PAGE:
If you like, you can try an experiment: choose three days, either the three days of a long weekend, three days in summer when you don’t have school, or one day in each of three weekends. On the first day, try to see everything that is wrong in your world, whatever it is. What don’t you like? What irritates you or makes you angry? You do have to be careful just to notice things: this experiment will not work if you suddenly decide that your brother is an impossible, stinky mess and he is the biggest reason why things are wrong in your world, or that your sister is a mean, horrid person who only thinks of herself.
If you think of other people like that, you start blaming them, and you can’t move forward! No, just watch yourself seeing what’s wrong with your life, or what’s uncomfortable, or just not good enough. That’s all. You’re not trying to fix any of these things, you just pay attention. And then at the end of the day, make some notes about what kind of a day it was.
On the next day, look at all the things that don’t bother you. They’re not happy things, or exciting or excellent things, they’re just things. Walking to school, or turning in your homework, or eating dinner: just pay attention to those things that dim;y are: you can think about being able to breathe, and walk, and talk, and sit in the chair, or whatever. Not special things, but again, at the end of the day take some time to write out your notes of what kind of a day it was.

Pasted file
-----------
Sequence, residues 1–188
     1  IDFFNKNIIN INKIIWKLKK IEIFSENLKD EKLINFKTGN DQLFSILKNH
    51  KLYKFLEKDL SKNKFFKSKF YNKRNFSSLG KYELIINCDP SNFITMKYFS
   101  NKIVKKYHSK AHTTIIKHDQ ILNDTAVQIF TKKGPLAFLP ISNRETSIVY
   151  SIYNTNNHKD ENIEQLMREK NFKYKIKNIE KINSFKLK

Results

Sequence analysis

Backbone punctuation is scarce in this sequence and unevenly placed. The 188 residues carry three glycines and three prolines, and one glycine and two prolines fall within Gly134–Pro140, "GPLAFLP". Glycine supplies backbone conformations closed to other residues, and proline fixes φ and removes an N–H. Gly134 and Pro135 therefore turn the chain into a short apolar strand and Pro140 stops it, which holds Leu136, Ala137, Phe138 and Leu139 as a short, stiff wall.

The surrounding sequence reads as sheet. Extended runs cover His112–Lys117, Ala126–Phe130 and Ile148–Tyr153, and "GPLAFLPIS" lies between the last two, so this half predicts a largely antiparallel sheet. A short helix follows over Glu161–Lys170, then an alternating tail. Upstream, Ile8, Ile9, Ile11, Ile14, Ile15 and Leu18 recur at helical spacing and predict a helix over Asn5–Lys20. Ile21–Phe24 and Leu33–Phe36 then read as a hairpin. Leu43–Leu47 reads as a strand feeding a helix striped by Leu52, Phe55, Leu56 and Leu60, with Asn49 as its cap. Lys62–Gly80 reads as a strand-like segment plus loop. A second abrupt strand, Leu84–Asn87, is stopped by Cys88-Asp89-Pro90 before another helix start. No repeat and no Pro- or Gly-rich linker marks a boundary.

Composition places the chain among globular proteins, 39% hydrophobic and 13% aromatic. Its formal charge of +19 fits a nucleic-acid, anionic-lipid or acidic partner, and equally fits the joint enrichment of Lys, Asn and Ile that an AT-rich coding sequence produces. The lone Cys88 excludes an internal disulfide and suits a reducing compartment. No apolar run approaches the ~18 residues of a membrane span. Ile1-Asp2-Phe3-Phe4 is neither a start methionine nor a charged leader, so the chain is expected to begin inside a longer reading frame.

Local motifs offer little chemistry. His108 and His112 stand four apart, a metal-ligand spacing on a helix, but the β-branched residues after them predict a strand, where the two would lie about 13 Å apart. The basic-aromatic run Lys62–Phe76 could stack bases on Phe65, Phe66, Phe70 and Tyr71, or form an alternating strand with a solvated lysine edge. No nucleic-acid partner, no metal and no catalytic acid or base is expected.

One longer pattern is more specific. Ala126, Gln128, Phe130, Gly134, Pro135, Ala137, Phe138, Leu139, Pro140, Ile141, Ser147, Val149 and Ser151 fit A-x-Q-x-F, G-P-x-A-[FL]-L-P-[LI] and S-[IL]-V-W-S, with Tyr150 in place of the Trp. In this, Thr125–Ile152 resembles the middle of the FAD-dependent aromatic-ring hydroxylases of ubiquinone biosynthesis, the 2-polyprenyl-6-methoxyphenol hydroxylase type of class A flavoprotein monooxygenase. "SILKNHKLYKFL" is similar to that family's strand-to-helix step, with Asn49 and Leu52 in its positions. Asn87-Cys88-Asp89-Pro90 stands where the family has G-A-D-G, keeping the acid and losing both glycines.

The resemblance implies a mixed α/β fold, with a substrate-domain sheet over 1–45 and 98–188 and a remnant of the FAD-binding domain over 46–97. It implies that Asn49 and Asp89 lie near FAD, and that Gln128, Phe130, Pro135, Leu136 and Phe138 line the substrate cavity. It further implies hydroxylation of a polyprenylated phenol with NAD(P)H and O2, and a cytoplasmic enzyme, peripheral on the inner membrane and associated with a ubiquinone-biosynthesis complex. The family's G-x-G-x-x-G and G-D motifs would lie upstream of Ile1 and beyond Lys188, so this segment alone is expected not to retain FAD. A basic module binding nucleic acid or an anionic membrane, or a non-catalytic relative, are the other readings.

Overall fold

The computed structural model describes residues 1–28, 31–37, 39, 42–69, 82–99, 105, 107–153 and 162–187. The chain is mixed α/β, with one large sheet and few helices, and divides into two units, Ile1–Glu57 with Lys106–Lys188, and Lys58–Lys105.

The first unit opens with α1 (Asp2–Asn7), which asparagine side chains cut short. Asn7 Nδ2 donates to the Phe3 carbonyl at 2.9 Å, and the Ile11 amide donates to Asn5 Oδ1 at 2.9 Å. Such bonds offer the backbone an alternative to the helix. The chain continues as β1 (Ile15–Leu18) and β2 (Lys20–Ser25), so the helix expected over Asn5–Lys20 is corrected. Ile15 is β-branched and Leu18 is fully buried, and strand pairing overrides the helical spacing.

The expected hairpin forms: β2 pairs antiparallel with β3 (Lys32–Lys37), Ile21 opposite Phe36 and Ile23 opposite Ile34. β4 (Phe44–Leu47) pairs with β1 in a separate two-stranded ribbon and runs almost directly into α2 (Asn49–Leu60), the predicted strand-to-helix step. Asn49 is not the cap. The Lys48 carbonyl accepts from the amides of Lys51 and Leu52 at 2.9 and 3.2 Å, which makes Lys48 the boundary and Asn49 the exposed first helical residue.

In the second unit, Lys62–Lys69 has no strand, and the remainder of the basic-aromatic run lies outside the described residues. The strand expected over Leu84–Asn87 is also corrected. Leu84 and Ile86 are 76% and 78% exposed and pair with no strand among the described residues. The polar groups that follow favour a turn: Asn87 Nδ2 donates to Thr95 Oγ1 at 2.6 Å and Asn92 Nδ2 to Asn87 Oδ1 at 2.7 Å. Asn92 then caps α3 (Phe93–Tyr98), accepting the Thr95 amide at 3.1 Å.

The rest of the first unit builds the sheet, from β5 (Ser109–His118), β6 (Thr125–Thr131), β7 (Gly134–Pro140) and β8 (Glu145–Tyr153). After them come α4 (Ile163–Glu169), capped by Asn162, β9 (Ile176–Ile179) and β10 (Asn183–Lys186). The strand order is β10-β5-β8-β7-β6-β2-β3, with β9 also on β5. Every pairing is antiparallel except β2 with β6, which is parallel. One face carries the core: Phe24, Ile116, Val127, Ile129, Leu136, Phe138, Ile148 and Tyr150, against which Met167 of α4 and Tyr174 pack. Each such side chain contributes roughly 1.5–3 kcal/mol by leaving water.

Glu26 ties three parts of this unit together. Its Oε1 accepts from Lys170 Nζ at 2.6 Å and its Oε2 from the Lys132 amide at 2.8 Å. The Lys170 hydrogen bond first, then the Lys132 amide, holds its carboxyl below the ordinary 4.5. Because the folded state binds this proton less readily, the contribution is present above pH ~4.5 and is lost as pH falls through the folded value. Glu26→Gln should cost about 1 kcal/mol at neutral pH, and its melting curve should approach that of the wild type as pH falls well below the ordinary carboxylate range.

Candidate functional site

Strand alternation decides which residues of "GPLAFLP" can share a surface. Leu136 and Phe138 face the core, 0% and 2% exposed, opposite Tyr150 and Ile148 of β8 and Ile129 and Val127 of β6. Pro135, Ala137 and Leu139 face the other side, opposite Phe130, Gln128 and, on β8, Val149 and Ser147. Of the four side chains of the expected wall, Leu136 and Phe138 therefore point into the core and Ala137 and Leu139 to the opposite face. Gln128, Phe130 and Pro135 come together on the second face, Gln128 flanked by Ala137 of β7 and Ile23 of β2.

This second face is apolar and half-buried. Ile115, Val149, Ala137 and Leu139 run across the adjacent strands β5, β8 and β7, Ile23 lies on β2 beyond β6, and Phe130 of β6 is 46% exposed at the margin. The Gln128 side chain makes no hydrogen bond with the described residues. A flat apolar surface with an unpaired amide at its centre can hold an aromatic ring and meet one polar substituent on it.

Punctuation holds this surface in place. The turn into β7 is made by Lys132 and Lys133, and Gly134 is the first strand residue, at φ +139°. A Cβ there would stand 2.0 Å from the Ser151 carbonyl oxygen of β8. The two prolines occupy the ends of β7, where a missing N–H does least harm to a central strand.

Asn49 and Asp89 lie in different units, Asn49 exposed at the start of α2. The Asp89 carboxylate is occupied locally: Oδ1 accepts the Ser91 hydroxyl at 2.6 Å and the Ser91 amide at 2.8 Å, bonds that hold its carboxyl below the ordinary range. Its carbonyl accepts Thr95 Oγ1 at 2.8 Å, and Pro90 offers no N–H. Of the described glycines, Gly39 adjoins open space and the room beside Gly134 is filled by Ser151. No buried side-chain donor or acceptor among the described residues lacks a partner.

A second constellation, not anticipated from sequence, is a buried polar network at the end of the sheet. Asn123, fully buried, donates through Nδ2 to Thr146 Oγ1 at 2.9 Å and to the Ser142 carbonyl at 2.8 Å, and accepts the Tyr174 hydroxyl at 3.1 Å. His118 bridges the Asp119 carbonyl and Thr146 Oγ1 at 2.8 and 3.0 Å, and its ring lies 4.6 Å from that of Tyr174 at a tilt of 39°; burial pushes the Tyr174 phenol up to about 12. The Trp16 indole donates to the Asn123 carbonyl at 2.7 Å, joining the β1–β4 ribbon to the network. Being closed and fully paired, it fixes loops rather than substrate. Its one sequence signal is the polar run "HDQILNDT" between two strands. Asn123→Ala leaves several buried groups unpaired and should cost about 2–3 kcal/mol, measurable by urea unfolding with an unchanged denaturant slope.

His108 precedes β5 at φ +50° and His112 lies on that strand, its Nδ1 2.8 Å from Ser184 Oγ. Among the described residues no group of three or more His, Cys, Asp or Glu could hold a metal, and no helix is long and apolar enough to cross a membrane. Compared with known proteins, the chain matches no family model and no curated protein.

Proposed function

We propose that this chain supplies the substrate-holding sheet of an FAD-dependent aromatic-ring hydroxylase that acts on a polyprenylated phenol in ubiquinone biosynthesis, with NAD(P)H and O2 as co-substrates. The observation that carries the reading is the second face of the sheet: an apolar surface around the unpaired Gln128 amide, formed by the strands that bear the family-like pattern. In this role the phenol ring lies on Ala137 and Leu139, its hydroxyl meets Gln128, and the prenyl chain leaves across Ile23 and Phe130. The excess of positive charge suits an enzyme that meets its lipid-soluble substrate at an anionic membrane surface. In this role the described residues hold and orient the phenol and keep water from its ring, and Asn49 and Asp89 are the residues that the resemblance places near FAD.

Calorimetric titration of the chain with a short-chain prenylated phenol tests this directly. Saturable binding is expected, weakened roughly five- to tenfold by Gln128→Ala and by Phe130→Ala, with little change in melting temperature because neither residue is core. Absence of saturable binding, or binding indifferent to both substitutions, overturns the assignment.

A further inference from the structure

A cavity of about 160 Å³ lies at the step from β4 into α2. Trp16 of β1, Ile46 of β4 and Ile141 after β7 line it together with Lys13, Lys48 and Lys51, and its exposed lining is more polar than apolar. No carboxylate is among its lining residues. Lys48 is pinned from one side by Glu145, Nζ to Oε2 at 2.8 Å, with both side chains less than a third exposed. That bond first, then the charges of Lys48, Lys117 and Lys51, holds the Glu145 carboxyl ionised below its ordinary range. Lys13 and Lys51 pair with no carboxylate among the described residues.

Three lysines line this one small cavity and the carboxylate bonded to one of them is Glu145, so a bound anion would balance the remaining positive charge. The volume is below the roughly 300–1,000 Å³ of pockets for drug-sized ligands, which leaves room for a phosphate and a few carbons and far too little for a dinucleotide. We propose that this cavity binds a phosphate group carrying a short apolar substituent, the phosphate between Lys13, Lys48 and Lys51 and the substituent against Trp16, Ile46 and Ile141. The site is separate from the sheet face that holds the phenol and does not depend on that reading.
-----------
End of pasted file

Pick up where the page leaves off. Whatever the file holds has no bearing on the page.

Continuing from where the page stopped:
On the third day, watch out for everything good. Even if the only good thing you seen in the whole day is that there were bees in the clover in the grass near the school, or that there was a particularly nice sunset, or that you almost dropped something, but you didn’t
Again, pay attention the whole day, and then take notes. Or course you will notice a difference! But why? Was it because of what happened in the day, or because of how you thought about it?
Sometimes when things are going badly, or there are too many things going on that you don’t know what to do about, you need to get yourself still inside and drag your mind away from being anxious and worried. You can be afraid of something, yes: fear is a warning, something that tells you something is wrong, or too big or too much for you to deal with and it very wisely tells you to run, hide, or at least get out of the way of the bad or scary things.
But feeling anxious is like feeling afraid of your own thoughts! You think, “But what if…” or, “But what about….” or, “What will they do?” This is your mind putting itself into the future. You cannot do anything in the future now. Sure you can prepare for things: if you know that you’ll have a math test, you can study and work at learning the material, ask for help and so on: this is using the present to save trouble in the future. This is being very wise.
But if you let your fear turn into anxiety, you are trying to change something that hasn’t happened yet! And you can’t do than any more than you can eat tomorrow’s breakfast now. You could never do that and it would be silly to try. So, you can work your good against your future-fears at the same time you can tell yourself it’s silly to try to eat tomorrow’s breakfast now. (Raiding the cupboard and eating tomorrow’s cereal doesn’t count: that’s just cheating, and besides, that wouldn’t be breakfast: it would just be a snack you stole.)
You work your good by breathing several long, deep breaths, and thinking: “I am breathing. I am breathing and nothing is hurting me right now. I am breathing and because nothing is hurting me right now, I am safe right now. Because I am breathing and I am safe right now, I can think about what is making me anxious as though it were a story about someone else.” And when you can do that, you can find solutions!